James Watkins – Featured IPA member
Jim spent nearly 35 years in the Chicago banking industry before following his passion for photography full-time in California’s San Francisco Bay Area. He started out in the mid – 1990s creating and selling travel-oriented fine arts images from the U.S. and Europe; later, he expanded into local landscapes, cityscapes and architecture. Beginning in 2000, Jim developed a keen interest in street photography through his participation in Chicago’s CITY 2000 millennium project and later as a member in the Chicago Alliance of African-American Photographers. It is in street photography where Jim derives his greatest satisfaction as a photographer. The pure rush experienced documenting that unique moment in time that has never happened before and will never happen again drives his passion for the streets. Cartier – Bresson’s “decisive moment” and Robert Frank’s sober portrayal of everyday America had a profound impact on him early on; later, he came to appreciate the work of the enigmatic Vivian Maier and William Eggleston’s embrace of color. These and other influences help to shape his perspective towards street photography today.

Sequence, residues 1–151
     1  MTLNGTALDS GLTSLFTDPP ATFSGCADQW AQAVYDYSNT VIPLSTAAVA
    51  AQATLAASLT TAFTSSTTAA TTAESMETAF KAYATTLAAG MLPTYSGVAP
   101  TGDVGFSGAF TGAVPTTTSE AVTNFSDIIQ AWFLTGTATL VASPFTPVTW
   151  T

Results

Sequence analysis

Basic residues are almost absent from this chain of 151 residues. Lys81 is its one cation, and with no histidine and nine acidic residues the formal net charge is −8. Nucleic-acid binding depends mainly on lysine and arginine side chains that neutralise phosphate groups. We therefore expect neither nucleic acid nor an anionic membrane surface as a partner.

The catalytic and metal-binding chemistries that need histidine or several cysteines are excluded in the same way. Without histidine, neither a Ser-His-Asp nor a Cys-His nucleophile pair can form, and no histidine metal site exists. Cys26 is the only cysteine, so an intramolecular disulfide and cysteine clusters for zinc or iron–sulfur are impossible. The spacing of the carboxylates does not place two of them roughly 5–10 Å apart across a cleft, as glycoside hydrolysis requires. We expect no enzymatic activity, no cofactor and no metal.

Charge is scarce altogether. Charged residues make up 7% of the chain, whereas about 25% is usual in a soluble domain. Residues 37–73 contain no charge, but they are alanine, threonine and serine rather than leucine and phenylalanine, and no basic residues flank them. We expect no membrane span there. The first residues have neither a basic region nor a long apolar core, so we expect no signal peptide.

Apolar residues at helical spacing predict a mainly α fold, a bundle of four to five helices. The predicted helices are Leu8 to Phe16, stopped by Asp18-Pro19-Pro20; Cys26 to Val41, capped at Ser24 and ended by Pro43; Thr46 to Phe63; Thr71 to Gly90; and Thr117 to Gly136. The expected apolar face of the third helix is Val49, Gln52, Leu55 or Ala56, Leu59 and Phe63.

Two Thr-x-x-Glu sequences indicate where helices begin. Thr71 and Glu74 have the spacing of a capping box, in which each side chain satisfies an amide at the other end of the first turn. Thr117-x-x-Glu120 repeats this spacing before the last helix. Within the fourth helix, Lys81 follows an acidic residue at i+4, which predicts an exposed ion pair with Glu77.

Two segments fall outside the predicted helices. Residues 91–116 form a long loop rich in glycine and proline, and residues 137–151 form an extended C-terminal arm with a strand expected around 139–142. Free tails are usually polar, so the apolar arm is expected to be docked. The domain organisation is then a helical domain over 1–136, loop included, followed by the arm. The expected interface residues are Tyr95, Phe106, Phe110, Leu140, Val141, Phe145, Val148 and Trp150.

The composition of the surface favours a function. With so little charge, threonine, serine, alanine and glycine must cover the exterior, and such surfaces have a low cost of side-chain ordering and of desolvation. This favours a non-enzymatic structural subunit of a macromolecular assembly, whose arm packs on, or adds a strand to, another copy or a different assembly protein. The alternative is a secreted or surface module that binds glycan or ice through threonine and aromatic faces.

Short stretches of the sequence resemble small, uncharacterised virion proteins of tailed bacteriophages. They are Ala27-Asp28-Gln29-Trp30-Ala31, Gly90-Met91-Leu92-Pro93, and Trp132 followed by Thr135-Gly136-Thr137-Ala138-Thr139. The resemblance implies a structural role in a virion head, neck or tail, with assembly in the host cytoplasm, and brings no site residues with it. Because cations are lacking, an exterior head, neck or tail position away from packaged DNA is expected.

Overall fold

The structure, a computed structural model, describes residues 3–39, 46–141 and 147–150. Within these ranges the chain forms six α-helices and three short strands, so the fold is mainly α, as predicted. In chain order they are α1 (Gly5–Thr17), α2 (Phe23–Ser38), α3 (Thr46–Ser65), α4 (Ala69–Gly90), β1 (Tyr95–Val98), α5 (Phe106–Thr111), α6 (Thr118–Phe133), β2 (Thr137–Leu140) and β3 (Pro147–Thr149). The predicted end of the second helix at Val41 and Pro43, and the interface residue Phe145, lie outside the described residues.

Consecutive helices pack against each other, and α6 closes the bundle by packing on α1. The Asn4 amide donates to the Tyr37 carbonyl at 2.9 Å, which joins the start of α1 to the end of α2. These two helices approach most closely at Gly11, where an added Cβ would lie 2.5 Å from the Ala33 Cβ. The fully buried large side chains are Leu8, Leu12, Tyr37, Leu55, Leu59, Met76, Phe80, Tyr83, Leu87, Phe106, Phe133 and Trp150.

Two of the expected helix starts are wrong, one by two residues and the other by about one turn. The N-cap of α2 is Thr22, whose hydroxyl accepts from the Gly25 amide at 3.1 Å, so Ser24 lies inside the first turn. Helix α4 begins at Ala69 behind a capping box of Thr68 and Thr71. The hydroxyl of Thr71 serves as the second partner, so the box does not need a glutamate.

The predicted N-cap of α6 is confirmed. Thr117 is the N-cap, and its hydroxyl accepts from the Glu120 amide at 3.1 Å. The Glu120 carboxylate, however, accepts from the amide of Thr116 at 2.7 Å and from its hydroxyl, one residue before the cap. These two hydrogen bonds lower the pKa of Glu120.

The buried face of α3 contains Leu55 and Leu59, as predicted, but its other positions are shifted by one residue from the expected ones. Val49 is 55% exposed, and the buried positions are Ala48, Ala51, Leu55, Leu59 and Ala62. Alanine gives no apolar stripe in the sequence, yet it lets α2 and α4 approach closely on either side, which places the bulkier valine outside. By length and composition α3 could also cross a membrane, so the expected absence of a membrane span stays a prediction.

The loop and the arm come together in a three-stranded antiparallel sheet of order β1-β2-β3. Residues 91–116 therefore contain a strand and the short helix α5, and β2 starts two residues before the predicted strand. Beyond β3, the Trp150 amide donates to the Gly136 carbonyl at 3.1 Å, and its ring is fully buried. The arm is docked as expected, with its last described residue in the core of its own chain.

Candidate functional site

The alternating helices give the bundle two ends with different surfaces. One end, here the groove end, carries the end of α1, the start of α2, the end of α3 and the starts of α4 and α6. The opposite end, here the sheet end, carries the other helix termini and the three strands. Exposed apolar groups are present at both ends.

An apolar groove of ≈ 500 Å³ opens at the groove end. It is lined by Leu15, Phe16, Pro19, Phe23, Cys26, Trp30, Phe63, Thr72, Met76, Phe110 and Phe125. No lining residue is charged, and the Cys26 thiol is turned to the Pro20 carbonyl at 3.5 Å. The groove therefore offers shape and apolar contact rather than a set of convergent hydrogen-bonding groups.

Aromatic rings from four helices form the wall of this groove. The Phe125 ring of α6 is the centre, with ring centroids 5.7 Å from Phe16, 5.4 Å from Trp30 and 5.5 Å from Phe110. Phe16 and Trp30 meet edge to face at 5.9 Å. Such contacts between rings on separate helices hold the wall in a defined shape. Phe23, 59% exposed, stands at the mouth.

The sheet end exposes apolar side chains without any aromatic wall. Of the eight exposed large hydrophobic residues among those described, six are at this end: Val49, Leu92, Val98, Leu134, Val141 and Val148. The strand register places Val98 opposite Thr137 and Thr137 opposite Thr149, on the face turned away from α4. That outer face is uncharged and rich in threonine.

In 2012, Jim and his wife Tricia left their beloved Chicago and his banking career behind for the more reasonable climes of California’s Silicon Valley. This new chapter in his life has afforded Jim the ability to fully develop all of his photography interests. Official travel publications in Illinois and California have featured his work. In 2014, he was chosen to photograph the Abraham Lincoln Presidential Library and Museum for the cover and lead article in the 2015 Illinois State Travel Guide. In 2015, Jim self-published a book on street photography entitled “On the Streets of The City: A Photographic Exploration of San Francisco”. He is currently co-hosting a podcast called Street PX, featuring interviews with street photographers and related guests from all over the world.
So proud of you Jim!
Great work cuz!!! Your story is a testament to it is never to late to follow your dream. As long as you open your eyes to see another day you have another chance to follow that dream. Love you.